No-Knead and Sourdough: Baking in the Age of COVID-19

A home-made rustic sourdough boule

Meandering bread post ahead! Stay tuned for more web archiving content soon..

When I’ve been on parental leave (twice), I’ve turned to breadmaking: it’s the sort of thing that I need to be in a rhythm to do, as while it’s not crazy time consuming, it does often require lots of touch points throughout the day.

With COVID-19 locking us all down for most of the day (we can still take walks around the block in Ontario, thank god), I’ve turned back to baking — now with the help of my kids. I know I’m not alone, judging by my Twitter timeline (only about 5% bread, let’s make it 20%) as well as the barren flour/yeast selections at my local grocery store.

But, hey, as I now spend a fair bit of every day baking bread, why not share some of the recipes I’ve been using with a lot of success?

Getting Flour

A 1847 bag of bread flour

While clearly there’s no shortage of flour in Canada (c’mon), there is a shortage of it at the grocery store as supply chains are strained by the rapid interest in home baking.

Luckily, I tweeted about my first loaf and somebody mentioned a local stone mill in Fergus, Ontario (about a 30 minute drive from my house, although they deliver for free with an order over $75). One order later, and a 20kg bag of flour arrived. Now that I’ve used about half of it in the last three and a half-weeks of COVID-19 lockdown, the remainder doubles as a handy chair for my daughter to sit on.

Anyways, you can buy it from their website here.

No-Knead Bread

No-Knead bread

When I’ve been on parental leave, I’ve basically made this on an every-other-day-basis. COVID-19, it turns out, is no different. You can find this recipie in a million different places, and I’m leery to attribute it to any one place as my own recipie comes from a family card. But this is more or less what I use.

I’ve made it so many times it’s just muscle memory. The night before (usually around 9pm), I combine this in a bowl and mix with a wooden spoon:

  • 3 cups flour
  • 1 12 teaspoon salt
  • 12 teaspoon yeast
  • 1.5 cups lukewarm water

I then cover it (I used to use saran wrap, now I just put a loose lid over my bowl) and come back to it around 10am the next morning.

I’m lazy, so my dutch oven is already sitting in the oven. The first thing I do is set the oven to 450 for 45 minutes (about 10-15 for my oven to warm up, as it’s a slow one, and then 30 minutes to get the oven up to speed).

Right before the dutch oven comes out, I make the loaf. The trick is to then flour your hands and a surface, flop it out of the bowl and very gently (honestly, don’t knead, it’s called “no knead” both because you don’t have to knead, but also, kneading seems to wreck it) shape it, put it on parchment paper, and into the super hot dutch oven.

Thirty minutes at 450, then I take the lid off, 15 more minutes.. and voila, you’ve got an awesome loaf of bread (pictured above).

Sourdough

Now, I’ve always wanted to make sourdough: I’d heard about “starters” but didn’t really know what any of that meant.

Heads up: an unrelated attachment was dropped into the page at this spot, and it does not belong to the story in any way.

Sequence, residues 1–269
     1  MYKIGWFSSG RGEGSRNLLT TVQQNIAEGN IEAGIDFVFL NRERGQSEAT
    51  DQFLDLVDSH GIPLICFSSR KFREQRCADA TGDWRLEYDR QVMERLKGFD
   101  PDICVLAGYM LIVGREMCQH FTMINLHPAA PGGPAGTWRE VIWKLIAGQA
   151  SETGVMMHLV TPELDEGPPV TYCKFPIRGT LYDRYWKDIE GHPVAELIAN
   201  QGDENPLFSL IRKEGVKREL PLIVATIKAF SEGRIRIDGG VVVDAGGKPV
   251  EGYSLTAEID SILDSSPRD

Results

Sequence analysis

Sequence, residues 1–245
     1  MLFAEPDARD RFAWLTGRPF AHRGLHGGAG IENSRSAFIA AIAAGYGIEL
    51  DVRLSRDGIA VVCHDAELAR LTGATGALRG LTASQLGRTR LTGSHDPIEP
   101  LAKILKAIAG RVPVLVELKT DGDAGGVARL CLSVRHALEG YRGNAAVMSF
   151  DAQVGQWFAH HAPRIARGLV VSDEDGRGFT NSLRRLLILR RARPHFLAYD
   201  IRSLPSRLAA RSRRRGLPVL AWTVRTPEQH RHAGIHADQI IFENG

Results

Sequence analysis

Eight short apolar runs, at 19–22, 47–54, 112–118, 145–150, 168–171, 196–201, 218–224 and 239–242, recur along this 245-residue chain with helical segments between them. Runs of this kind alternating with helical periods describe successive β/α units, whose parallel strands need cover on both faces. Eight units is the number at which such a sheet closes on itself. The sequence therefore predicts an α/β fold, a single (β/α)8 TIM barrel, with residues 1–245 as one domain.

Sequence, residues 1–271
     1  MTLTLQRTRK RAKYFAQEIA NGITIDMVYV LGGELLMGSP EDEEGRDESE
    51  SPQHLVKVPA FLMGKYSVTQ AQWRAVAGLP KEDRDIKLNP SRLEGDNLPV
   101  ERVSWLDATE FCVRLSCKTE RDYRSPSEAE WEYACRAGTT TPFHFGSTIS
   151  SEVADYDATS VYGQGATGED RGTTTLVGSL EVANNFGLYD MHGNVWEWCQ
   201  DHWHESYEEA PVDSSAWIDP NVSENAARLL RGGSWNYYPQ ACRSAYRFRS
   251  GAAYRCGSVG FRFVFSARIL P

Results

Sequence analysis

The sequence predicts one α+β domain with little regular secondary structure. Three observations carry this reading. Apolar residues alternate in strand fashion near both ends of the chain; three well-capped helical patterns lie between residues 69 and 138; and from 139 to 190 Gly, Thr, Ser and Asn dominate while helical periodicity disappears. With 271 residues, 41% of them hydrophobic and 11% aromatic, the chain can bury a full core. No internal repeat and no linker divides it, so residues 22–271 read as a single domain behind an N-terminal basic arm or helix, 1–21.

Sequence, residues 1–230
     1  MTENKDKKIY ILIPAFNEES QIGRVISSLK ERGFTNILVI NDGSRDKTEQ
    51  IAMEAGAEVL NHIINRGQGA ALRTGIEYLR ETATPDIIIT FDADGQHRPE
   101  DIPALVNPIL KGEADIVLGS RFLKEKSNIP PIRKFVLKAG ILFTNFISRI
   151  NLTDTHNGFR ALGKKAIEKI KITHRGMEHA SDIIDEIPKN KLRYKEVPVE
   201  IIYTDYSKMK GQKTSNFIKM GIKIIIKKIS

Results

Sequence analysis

The Starter

Then I decided to just follow the steps here at King Arthur Flour. Describing it as a magic adventure with my son, we just basically set it out near our window (I do all my baking near a nice window, so maybe the yeast already know it’s a cool place to hang out); things started to bubble a bit on Day Two, and by Day Five, it would reliably double on each feeding.

Here’s my starter:

A Sourdough starter

The Bread

I then decided to try making my first sourdough using the Rustic Sourdough Bread recipe at King Arthur Flour. The first time I made it, it tasted okay, but didn’t really rise as much as I wanted. While I wondered if that might be the stone-milled bread flour I was using, I also figured it was because I didn’t really know how to “knead” bread, nor how to “shape it into a ball.”

Fortunately, YouTube to the rescue. First, I watched a great video on how to knead dough and then another on how to shape it (h/t to Heather Steel):


From these two videos alone, the results were top-notch. I might try doing a mixture of standard all-purpose and stone-milled bread flour next, but as it is, I’m pretty thrilled.

Sourdough

Edited to add: Turns out that extra kneading makes all the difference. After twelve minutes of kneading a loaf, here’s what an all whole-wheat flour one ended up looking like:

Sourdough success

Baguettes and Other Misses

Baguette

I’ve had some other hits and misses – my baguettes (inspired by Mat Kelly to make these!) were too small, but it’s all part of the learning adventure. And most importantly, my kids are having a great time learning to bake with me, and it’s something more productive to do than refresh the Globe and Mail or the New York Times every five minutes….

Hat tip to bread twitter: too many to mention, but especially Melonie Fullick, Heather Steel, Mat Kelly, Jim Clifford who have all given super-awesome advice, and all of you who keep me sane by tweeting pictures of bread instead of exponential-growth diagrams.

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Ian Milligan
Associate Professor of History

Exploring how technology is transforming historical research.